A dense, matte black formula, this dries down quickly. Why is that so essential for a liquid liner? It won't transfer to the top lids—upon application and then throughout the day, too. Fans of the liner note how easily it goes from thin to thick, just by applying a bit more pressure.

Precision Liquid Liner, BeautyCounter ($28)

Alima Pure Pressed Eyeshadow

One of the best ways to achieve a soft focus, subtle liner is to use a pressed eye shadow (a little makeup artist hack for ya!). Lightly wet a liner brush, dip it into your eye shadow, and smudge in your liner. Because it's pressed powder shadow, it's not a densely pigmented. Another bonus: You don't have to stick to just your standard liner shades! As long as you have a clean shadow, you can turn it into an eyeliner.

Pressed Eyeshadow, Alima Pure ($26)

Kjaer Weis Eye Pencil

This pencil is made with coconut oil and carnauba wax—which makes the texture thick yet smooth. We love this line, however, for the bright peach shade: You can add it into your inner corners or on the lash line, and you'll look like you've gotten a full night's sleep or just got back from vacation.

Eye Pencil, Kjaer Weis ($30)

Juice Beauty Phyto-Pigments Cream Shadow Stick

Another eye shadow, technically, but shadow sticks make for great liners in a pinch or if you're going for that hazy liner effect. This comes in plenty of hues, from rose gold to deep slate, so you can create a totally unique look for you. Plus, the subtle, subtle shimmer will add a little sparkle to your eye.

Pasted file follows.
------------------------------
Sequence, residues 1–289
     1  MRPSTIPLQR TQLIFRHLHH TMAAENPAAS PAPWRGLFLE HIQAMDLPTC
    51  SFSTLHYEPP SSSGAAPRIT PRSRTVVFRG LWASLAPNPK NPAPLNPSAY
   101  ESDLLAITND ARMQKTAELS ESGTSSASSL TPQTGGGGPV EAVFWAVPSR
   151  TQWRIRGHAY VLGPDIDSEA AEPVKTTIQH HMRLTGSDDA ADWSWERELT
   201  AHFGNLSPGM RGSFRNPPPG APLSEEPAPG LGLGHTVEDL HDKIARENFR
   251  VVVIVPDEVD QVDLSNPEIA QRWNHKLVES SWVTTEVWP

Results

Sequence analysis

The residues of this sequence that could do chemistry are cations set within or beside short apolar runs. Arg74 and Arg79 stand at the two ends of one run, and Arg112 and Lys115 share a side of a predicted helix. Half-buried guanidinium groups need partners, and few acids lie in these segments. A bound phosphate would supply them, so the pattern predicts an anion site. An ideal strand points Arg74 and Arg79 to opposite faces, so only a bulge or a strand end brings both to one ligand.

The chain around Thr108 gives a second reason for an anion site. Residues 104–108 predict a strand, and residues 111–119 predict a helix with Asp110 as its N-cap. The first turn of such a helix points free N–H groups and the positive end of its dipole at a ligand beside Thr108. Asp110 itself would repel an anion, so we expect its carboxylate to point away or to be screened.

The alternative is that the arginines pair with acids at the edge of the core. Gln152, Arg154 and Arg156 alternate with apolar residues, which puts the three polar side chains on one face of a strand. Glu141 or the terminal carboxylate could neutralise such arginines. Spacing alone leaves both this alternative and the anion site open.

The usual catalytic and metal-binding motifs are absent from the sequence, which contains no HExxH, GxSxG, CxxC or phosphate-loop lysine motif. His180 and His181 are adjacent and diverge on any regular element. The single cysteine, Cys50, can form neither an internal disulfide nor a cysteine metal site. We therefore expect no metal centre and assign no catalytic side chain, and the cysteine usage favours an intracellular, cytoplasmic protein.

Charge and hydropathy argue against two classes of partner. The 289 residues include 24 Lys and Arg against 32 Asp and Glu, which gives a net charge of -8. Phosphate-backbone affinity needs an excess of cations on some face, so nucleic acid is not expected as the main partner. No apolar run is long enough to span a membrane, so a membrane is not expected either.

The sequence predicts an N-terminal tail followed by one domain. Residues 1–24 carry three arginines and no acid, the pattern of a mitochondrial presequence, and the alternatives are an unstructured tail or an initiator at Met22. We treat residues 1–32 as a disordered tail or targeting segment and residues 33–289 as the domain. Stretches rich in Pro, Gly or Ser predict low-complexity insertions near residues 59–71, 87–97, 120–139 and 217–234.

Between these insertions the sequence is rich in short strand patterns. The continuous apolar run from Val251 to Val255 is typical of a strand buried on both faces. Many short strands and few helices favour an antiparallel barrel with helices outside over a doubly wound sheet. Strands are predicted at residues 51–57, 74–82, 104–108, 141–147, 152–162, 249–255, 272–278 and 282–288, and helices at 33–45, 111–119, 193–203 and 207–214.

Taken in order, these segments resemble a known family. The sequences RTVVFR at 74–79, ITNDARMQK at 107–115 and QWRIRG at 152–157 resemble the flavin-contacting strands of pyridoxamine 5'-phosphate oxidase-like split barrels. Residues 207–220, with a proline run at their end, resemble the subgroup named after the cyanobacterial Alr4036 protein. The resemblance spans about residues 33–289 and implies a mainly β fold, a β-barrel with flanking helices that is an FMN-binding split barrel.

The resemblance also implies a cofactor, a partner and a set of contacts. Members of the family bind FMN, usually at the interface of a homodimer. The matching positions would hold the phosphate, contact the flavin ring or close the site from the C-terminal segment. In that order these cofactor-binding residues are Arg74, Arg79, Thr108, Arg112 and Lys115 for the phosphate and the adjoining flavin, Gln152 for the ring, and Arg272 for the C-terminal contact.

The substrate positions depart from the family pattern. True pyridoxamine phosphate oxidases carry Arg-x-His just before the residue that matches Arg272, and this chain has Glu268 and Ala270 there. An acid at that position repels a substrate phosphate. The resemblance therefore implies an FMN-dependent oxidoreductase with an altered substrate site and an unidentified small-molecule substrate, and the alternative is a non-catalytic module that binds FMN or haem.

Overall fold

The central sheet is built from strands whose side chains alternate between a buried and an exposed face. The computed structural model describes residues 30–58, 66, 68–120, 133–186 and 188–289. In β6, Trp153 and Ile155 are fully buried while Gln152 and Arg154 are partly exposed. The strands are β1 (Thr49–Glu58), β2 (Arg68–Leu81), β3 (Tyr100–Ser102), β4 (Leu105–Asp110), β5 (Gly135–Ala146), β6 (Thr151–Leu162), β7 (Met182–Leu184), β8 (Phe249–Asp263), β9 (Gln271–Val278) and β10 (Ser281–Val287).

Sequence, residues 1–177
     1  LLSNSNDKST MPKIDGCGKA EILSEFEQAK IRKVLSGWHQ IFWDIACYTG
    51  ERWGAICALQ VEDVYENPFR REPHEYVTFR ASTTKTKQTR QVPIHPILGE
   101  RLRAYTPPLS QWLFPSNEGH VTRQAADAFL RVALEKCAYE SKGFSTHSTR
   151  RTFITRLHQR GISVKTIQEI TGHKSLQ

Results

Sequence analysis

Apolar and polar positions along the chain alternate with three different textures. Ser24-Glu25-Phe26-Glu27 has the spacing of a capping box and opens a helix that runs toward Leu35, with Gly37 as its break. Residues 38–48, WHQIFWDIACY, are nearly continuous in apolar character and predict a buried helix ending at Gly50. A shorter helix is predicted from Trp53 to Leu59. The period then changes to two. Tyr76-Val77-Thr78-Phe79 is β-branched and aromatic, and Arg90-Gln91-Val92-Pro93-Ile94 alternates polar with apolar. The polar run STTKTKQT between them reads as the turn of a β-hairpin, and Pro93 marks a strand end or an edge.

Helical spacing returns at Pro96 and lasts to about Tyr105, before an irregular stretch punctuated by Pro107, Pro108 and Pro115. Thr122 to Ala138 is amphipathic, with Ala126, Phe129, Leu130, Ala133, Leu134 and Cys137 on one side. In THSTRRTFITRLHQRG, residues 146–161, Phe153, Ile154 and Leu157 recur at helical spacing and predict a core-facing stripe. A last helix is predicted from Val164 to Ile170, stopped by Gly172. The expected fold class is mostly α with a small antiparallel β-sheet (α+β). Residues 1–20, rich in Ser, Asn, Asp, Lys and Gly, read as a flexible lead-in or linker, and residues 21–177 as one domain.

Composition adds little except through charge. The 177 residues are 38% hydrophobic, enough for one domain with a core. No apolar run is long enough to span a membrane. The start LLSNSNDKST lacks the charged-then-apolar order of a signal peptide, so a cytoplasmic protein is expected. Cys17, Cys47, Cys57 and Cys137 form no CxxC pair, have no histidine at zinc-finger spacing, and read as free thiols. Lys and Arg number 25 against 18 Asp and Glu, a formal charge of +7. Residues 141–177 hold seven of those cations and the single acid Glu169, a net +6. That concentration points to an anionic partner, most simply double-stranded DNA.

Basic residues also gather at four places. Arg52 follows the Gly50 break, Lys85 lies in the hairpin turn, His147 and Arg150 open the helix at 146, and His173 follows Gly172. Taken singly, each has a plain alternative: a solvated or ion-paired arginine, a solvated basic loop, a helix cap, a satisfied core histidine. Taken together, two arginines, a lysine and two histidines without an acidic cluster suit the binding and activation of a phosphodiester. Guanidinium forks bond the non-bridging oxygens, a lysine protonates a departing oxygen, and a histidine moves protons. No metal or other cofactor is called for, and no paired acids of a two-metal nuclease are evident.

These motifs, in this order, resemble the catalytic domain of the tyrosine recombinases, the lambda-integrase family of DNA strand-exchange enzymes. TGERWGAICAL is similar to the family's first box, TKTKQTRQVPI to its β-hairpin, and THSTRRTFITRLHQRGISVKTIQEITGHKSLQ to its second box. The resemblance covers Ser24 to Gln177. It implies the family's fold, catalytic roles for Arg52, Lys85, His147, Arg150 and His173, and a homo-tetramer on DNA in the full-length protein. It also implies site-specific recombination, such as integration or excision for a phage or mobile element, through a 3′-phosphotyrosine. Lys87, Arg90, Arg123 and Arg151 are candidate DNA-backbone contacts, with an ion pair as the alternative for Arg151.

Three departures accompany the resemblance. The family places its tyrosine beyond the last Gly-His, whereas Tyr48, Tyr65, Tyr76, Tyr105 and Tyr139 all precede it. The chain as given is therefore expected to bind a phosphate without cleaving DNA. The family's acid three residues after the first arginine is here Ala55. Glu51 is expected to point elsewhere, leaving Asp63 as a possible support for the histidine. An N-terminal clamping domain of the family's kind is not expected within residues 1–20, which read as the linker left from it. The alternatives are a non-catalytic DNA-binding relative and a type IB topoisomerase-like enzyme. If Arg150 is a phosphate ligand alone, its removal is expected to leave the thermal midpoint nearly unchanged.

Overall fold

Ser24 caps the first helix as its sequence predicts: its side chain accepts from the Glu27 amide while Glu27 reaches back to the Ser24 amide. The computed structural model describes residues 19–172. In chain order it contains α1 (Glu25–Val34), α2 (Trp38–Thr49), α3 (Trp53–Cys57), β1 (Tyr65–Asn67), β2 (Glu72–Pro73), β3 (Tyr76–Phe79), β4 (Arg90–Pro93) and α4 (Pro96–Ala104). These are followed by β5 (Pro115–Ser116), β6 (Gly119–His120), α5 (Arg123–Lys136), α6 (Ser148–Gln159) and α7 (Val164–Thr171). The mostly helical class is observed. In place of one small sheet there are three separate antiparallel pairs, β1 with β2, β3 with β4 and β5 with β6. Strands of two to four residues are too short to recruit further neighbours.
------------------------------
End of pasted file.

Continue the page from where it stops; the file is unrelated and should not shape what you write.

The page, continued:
Phyto-Pigments Cream Shadow Stick, Juice Beauty ($22)

Aveda Petal Essence Eye Definer

This ophthalmologist-tested pencil is ideal for the sustainability-minded among us. The casing is responsibly sourced wood (certified in accordance with the Forest Stewardship Council). Users love it because it won't tug and pull at the delicate skin around the eye, which is a common problem for pencil liners.

Petal Essence Eye Definer, Aveda ($20)

RMS Vintage Cake Liner

Ah, the original eyeliners: cake slabs. This is a chic, modernized version. Wet a liner brush to turn the cake into a paste-like texture, and apply to your lids as desired. Unlike the pressed shadow mentioned above, or the gel liner pot, this is an opaque, matte option. Read: It's a liner for serious users. Be warned, however, it does tend to smudge with oily lids.

Vintage Cake Liner, RMS ($24)

NakedPoppy Liquid Eyeliner

The extra-fine-tip felt pen makes a cat-eye swoosh effortless. It also gives for a little "correction time" so you can go back and edit as needed (meaning: It doesn't stick immediately, so you can quickly wipe up any mistakes). Seriously: If you ever thought the flick just wasn't for you, this will give you second thoughts.

Liquid Eyeliner, NakedPoppy ($18) 

Lord & Berry Kajal Stick

Kajal is a longtime Indian beauty standby and is for those who want serious liner. The stick is decadently black and goes on lavishly: For those who want that '60s rebellious, rimmed look. (Clean beauty fans like dramatic statements, too!).

Kajal Stick, Lord & Berry ($15) 

Burt's Bees Defining Retractable Eyeliner

This 100% natural liner is the perfect blend of gel and creamy texture, thanks to the mix of jojoba oil and shea butter. The soft, deep brown blends in effortlessly on the lash line and is ideal for those with fair skin and light lashes.

Defining Retractable Eyeliner, Burt's Bees ($9.99)